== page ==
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Men & Feelings

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Men & Feelings

Men and Feelings

Do you know how to shut your male partner down quicker than a door slams? Just say, “Why don’t you ever share your feelings with me?”

This question is guaranteed to kick off the stare of one of the Presidents on Mount Rushmore, or a look of panic as if you have caught him paying too much attention to a woman at a cocktail party.

You may think that sharing feelings is just what best friends do. You have no trouble involving yourself in deep conversations with your girlfriends. So even in response to an observation from your beloved that points toward a feeling, you may find yourself rubbing your hands in anticipation. You assume that when he says he’s worried about the future, you may assume that’s a prelude to a deep heart to heart exchange. Suddenly you realize that he was only talking about the economy and your hopes of a searching connection slip away.

So, you probably have concluded that your husband is withdrawing to punish you. Or you may see his surfing the Internet as a way of staying locked behind his wall. His reserve may leave you feeling that he never wants to be close.

Sarah, a vivacious extrovert, laughed when her husband said she was his best friend. She felt that if he shared with her no more feelings than she got, she could not possibly be his best friend. She knew far more about the vicissitudes of her best friends than she did about what was going on in her partner’s head.

But the important thing to understand is that many guys do not share feelings with their best friends. This tends to fall under the category of having a problem. In the hierarchical relationship of men, having a problem and telling someone about it seems to give the other man a “one up” position. Guys tend to do that reluctantly.

According to the Myers Briggs 65% of men, make decisions based on a logical frame of reference while 65% of women, make decisions relying more on feelings.

Some studies tend to assume that men are just more naturally left-brained and that accounts for their lack of sharing feelings.

A study summarized in the book “What could He be Thinking” by Michael Grain suggests that men are just wired differently. Scientists are using scans that show which part of the brain is being used during specific activities. Men simply do not have that many brain areas that light up when trying to discern what a person in a picture is feeling. On the other hand, when their brains are presented with a problem in math, much more of their brain will light up than in a woman’s brain.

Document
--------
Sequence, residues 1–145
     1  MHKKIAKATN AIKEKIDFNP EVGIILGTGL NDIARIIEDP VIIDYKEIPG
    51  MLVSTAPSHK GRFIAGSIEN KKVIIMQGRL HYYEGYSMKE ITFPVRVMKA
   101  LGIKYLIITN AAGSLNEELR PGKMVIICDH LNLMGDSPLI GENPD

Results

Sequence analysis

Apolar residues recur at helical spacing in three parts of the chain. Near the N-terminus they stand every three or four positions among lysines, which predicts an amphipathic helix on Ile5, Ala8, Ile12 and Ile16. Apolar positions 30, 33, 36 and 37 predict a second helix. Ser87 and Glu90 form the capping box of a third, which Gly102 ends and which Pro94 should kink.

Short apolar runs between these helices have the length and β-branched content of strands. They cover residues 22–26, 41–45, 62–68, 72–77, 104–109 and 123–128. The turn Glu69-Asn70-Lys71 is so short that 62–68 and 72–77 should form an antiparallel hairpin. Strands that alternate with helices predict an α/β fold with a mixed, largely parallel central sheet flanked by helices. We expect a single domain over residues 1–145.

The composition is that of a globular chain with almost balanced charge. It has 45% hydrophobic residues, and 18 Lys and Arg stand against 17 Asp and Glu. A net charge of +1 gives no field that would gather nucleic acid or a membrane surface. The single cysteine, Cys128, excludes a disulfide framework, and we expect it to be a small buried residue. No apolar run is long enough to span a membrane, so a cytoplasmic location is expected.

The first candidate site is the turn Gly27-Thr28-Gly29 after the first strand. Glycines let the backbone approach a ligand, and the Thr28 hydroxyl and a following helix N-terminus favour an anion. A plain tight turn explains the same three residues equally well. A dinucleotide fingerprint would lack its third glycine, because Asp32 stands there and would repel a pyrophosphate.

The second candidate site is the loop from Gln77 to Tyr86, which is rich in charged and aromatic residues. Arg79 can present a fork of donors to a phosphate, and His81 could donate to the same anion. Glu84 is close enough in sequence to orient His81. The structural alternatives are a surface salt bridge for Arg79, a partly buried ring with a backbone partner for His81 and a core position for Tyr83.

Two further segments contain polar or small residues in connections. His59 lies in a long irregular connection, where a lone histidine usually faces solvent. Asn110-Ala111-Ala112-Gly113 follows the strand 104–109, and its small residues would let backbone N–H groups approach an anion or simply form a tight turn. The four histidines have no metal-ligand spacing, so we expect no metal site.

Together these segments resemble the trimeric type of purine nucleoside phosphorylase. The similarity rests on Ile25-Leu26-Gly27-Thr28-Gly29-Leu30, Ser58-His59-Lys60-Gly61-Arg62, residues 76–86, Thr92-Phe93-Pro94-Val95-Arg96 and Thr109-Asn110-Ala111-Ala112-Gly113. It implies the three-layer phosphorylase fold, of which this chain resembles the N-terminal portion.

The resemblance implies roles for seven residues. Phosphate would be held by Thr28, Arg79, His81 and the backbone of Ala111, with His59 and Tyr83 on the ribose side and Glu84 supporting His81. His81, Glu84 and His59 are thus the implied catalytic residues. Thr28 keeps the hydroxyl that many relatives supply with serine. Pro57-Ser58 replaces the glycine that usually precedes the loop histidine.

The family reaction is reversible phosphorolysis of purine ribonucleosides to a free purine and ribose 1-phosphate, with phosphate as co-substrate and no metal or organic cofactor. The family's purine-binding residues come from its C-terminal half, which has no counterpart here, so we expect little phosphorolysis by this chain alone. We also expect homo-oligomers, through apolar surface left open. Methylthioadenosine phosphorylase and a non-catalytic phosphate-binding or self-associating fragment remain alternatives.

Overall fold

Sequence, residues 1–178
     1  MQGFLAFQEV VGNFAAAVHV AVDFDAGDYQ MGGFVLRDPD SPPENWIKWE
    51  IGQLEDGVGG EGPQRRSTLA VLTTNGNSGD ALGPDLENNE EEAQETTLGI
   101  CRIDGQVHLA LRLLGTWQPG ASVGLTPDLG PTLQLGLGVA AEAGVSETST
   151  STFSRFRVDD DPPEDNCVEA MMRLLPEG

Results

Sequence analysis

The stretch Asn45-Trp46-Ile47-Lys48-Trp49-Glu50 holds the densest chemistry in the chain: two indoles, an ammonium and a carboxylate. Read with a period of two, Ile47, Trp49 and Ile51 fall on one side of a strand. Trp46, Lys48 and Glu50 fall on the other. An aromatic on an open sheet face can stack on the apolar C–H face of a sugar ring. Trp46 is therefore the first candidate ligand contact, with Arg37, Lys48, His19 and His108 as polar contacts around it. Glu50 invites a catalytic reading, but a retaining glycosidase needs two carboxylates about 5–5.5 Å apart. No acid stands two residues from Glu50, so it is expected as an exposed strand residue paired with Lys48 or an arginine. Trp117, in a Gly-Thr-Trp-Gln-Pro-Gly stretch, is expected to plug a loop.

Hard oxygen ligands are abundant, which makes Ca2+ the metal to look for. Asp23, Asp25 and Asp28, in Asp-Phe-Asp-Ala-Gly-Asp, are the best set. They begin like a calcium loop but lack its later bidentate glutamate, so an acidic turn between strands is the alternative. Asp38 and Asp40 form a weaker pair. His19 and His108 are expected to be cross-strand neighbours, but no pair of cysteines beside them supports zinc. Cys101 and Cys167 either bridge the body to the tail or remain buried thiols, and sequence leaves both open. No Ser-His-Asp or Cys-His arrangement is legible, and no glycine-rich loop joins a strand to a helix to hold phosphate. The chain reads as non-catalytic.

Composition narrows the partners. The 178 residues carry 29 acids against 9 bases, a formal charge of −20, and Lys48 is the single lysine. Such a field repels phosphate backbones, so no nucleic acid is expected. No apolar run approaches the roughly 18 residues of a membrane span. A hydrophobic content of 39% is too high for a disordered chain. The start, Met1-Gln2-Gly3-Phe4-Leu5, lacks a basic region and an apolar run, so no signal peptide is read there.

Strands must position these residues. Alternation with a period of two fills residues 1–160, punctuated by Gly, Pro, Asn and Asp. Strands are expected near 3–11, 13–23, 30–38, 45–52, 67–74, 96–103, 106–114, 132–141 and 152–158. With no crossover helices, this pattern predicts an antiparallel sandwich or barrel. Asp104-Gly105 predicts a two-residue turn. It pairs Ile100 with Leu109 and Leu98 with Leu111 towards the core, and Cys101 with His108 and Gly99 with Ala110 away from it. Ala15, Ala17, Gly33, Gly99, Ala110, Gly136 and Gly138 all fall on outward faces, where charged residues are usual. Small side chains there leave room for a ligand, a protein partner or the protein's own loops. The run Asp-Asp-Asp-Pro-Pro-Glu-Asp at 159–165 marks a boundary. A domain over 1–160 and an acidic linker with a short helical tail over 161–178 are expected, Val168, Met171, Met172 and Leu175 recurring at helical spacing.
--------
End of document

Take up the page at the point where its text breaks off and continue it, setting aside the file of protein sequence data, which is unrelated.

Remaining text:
So, what then are the questions that will tend to invite your male partner into exploring with you without that look of panic when you ask him “to do feelings?” Since men feel incompetent when women demand feelings, don’t attempt to do “can opener therapy.”

When you are both relaxed, simply ask him questions like “what was that like for you?” When he speaks of a colleague at work getting a promotion, you might say, “You mentioned that you felt some pressure when your boss moved up that deadline.” Then simply pause. Since men’s brains may make connections a little more slowly in the feeling area, your patience might be rewarded with a reflective insight about the nature of the pressure and what’s upsetting about it.

Silences will invite him to go further without seeming to confront him about his lack of feeling dialogue. Using the question “oh?” when he starts to tell you of being moved by a moment with your kid, may invite him to say a little more about what touched him.

One thing not to do is to say, “Oh wow, that was a real feeling, you never share those feelings with me.” This statement will touch off inadequacy that men feel when they perceive a woman coming after them about feelings.

What works is a simply noting that you loved hearing about that moment with your son. Men can do feelings if they are given room, and trust that you will receive their efforts in that direction without labeling them as inadequate. Best of luck as your conversations become more inviting.


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